The con­fronta­tion with Kapp was clas­sic Alfred behav­iour. It was phys­i­cal­ly brave, almost fool­hardy; it was clear-sight­ed, under­stand­ing the threat the extrem­ists posed to Germany’s Jews; it was pre­scient, see­ing before oth­ers did what might lie ahead for Jews; it took per­son­al respon­si­bil­i­ty for the fate of his fel­low jews; and it rep­re­sent­ed his almost lim­it­less faith, his almost bound­less opti­mism, that ratio­nal argu­ment and insist­ing on the truth could change things.

This roman­tic idea of his nation made what hap­pened to him a par­tic­u­lar­ly poignant tragedy. 

These char­ac­ter­is­tics were respon­si­ble for tak­ing him in his life and career from tri­umph to dis­as­ter before tri­umph again. They were to be praised as the qual­i­ties of a great man and crit­i­cised as the beliefs and behav­iour of a naif. They saw him rise to become one of the lead­ers of Ger­many Jew­ry and to hold that posi­tion through the tumul­tuous twen­ties and into the thir­ties as the Nazi threat grew. And he took them with him into exile when a meet­ing with Her­mann Göring and its men­ac­ing after­math made it obvi­ous that he would have to leave Germany.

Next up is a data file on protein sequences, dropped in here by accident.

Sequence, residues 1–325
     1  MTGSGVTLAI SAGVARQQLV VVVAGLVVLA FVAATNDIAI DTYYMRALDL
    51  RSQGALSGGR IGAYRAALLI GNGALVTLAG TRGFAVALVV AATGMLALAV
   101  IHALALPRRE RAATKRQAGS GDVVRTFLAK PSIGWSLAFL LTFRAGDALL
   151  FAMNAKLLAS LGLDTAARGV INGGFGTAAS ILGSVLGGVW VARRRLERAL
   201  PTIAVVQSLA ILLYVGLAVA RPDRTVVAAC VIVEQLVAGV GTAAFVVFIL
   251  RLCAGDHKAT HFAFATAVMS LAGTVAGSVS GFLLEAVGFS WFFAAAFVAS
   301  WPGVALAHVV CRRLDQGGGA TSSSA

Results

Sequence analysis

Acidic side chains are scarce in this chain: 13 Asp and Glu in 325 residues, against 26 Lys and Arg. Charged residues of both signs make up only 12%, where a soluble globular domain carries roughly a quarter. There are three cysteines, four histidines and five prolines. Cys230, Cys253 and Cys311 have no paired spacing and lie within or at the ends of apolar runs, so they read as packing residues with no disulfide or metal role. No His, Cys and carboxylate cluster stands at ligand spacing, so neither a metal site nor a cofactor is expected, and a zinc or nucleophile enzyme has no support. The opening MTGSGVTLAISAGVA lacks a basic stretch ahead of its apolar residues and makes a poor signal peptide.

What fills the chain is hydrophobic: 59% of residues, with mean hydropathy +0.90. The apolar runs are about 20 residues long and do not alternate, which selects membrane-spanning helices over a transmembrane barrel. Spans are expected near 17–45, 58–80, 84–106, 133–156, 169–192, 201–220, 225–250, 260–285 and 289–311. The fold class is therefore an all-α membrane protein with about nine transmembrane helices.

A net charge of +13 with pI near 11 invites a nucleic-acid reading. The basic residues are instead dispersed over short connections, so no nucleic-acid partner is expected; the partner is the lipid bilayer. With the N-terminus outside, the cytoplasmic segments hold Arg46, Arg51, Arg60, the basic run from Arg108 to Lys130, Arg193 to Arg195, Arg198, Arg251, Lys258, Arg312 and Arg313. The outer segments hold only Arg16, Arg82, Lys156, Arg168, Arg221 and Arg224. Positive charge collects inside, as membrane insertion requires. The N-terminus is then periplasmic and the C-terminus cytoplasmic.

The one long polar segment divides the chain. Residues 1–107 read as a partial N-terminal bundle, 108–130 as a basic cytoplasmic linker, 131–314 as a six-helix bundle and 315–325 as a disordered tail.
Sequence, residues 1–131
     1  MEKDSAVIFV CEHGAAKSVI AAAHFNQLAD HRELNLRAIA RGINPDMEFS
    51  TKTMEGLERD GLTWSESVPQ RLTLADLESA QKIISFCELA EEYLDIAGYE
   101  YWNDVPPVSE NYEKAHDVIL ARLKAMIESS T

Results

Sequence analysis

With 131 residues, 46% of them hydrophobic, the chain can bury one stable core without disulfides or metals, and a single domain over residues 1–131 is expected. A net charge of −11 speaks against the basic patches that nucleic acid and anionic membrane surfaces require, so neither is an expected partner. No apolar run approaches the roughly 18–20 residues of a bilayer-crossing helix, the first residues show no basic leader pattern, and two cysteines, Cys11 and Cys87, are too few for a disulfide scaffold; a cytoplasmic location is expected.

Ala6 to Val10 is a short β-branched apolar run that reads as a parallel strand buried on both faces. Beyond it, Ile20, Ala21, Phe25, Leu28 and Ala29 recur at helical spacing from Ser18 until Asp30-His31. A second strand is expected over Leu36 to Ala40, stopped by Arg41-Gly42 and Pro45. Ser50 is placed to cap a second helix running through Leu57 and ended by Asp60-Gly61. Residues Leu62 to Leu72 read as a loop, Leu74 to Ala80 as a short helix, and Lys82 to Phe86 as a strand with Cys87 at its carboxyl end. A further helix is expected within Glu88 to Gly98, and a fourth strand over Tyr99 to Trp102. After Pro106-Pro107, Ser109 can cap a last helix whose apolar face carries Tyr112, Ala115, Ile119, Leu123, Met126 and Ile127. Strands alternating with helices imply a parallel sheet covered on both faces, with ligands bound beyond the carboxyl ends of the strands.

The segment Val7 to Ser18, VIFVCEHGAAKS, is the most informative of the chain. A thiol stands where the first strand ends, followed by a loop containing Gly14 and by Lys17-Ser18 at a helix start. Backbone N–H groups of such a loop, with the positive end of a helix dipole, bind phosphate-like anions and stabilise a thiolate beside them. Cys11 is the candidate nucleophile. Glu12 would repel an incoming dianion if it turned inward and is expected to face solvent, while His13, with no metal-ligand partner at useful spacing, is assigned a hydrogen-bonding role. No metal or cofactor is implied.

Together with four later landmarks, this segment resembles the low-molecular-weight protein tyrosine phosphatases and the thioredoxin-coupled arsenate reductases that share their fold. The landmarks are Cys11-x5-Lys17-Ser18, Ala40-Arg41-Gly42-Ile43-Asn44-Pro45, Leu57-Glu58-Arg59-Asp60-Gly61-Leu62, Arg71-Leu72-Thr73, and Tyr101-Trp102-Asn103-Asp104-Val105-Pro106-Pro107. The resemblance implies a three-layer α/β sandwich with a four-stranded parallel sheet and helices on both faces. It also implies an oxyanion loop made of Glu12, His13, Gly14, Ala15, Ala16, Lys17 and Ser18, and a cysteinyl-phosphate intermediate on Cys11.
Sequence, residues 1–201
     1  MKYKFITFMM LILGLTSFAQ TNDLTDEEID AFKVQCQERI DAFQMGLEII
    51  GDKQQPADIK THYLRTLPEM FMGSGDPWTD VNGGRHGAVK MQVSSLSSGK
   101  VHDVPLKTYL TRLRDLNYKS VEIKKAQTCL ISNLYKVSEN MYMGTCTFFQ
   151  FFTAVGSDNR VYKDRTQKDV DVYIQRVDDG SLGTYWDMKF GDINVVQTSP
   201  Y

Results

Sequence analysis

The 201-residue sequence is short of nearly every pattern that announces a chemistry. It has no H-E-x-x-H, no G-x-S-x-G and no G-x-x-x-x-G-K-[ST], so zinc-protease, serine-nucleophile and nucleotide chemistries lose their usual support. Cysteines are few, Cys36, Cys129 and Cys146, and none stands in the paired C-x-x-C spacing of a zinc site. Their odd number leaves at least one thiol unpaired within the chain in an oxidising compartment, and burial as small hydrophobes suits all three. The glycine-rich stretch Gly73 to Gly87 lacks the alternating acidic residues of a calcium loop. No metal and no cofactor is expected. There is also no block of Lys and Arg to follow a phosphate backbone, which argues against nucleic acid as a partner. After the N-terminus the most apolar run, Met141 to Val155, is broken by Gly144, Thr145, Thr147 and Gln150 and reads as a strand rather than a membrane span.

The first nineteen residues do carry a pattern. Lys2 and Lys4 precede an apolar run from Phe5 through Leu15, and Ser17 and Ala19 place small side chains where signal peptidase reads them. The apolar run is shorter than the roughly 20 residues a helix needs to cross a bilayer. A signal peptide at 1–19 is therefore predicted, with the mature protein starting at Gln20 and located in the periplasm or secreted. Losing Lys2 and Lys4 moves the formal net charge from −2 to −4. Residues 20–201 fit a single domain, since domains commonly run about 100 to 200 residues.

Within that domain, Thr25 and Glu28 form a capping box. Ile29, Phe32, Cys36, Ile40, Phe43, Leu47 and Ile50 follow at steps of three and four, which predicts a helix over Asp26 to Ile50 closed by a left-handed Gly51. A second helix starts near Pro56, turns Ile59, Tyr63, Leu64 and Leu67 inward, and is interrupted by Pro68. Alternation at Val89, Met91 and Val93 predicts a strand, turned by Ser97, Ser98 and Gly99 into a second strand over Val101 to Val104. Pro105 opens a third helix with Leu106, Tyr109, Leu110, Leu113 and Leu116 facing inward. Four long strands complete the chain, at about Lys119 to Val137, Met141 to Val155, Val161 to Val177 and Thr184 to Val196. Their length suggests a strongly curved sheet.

At the end of 1918, Alfred Wiener had returned to Berlin after more than three years of fight­ing in the war, to the real­i­sa­tion that his bat­tles were just beginning. 

He had respond­ed to his army call-up in April 1915 with­out the slight­est hes­i­ta­tion or reser­va­tion. He felt a strong sense of nation­al attach­ment and duty, a view rein­forced among many Ger­man Jews by a desire for the defeat of Rus­sia, the coun­try of bar­bar­ic pogroms. He had fought on both the West­ern and East­ern Fronts, waged war with heavy artillery and armoured vehi­cles, act­ed as an inter­preter in the Ger­man-Turk­ish cam­paign, and edit­ed the army news­pa­per in Jerusalem and Dam­as­cus. And he had almost died. A severe bout of dysen­tery came close to end­ing his cam­paign, and his life, at the begin­ning of 1917. For his gal­lantry he was award­ed two medals — the Iron Cross (sec­ond class) and the Iron Cres­cent. Both these acco­lades were sol­id rather than spec­tac­u­lar, but Alfred was proud of his service.